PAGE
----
You've just fallen for a phishing scam!

Don't worry, this was only a test. Emory IT sent this particular message to help educate people, but had this been a real phishing scam, you would have just given your password to a criminal.

Let's spend a few moments learning how to spot the signs of a scam and how to avoid others in the future.

Figure 1, below, shows the email message that you received as part of this test. It resembles a real Emory email, especially when you look at the addresses (labelled with a "1") and (labelled with a "2").

The phishing message you received

(1) is a valid Emory email address, but anyone can send email that appears to come from any sender. While (2) appears to be a valid Emory University link, it's not. As we will see next, it is possible to fake where links appear to go.

Where the link really goes

When you hover your mouse cursor over the link, you can see at (1) in Figure 2 that it actually goes to followed by some numbers. That is not a real Emory website.

The name of the website, which is the part right before the first slash, is It ends with, not The phisher is trying to trick you by including in the name, but only the last part of the name matters for telling you where the link really goes.

Hopefully, you saw that this was a scam before you clicked the link. However, even if you click the link, you have one more chance to figure it out before you fall for the scam. Here's the website that the link sent you to, overlayed with the real HR website. They look almost exactly alike! Let's examine them in detail, too.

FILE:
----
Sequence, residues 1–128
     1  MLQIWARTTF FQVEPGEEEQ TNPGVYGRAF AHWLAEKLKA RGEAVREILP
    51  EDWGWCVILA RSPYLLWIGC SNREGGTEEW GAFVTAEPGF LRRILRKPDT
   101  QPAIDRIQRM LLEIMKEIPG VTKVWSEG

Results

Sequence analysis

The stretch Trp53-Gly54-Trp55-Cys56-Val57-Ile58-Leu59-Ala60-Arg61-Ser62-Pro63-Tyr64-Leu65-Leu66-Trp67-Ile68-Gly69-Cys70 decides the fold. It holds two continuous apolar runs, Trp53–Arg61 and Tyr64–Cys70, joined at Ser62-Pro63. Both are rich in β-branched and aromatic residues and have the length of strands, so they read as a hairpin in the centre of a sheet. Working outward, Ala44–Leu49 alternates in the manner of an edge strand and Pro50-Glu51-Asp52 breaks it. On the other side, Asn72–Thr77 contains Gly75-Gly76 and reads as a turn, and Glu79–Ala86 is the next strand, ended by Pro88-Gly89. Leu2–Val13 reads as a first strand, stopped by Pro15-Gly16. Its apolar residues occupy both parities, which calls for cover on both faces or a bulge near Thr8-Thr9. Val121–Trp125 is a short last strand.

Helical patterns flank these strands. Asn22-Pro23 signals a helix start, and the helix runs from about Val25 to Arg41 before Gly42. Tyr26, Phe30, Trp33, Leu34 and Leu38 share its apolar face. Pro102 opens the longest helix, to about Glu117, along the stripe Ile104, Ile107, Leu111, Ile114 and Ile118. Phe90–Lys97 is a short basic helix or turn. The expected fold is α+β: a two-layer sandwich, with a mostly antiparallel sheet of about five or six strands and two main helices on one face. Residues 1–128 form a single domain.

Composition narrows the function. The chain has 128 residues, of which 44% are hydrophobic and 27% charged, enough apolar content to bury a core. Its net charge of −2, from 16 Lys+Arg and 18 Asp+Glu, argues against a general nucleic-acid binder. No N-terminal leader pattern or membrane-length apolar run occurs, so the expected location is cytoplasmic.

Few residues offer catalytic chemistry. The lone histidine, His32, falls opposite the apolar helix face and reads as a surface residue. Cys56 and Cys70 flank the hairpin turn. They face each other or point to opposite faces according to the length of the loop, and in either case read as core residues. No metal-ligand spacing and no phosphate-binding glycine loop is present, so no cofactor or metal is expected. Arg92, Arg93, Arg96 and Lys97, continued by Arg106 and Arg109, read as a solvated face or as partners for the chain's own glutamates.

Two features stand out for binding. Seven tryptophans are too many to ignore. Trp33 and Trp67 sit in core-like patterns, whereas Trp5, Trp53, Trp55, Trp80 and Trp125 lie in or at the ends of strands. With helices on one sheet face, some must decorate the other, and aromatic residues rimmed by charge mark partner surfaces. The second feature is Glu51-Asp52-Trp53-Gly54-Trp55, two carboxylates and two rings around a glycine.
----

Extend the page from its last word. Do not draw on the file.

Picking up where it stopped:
Fake site versus real site

At (1) in Figure 3, you can see that same web address you saw when you hovered your mouse cursor over the link in the email. Again, the website name is the part before the first slash. In this case, it ends with rather than, so you know it's not a real Emory website.

At (2), you can see in green the words Emory University [US] in green text. Depending on which web browser you use, the design could look slightly different from Figure 3. Nonetheless, when you see a label like this to the left of the web address, it means that the website you are visiting belongs to the named organization.

Make sure you only trust the label if it appears to the left of the address. Criminals may include similar-looking text elsewhere in the page to try to confuse you. Not all legitimate sites have a label like this, but all sites with labels belong to the organization listed in the label.

At (3), you can see the text https://, which indicates you are using an encrypted website. You should NEVER enter a password, credit card number, or other sensitive information into a website whose address does not start with https://.

At (4), you can see the name of the website, Again, the website name is the part before the first slash. In this case, it ends with, so you know it is a real Emory website.

Thanks for taking the time to read through this tutorial. It could help protect you the next time a criminal tries to scam your work email.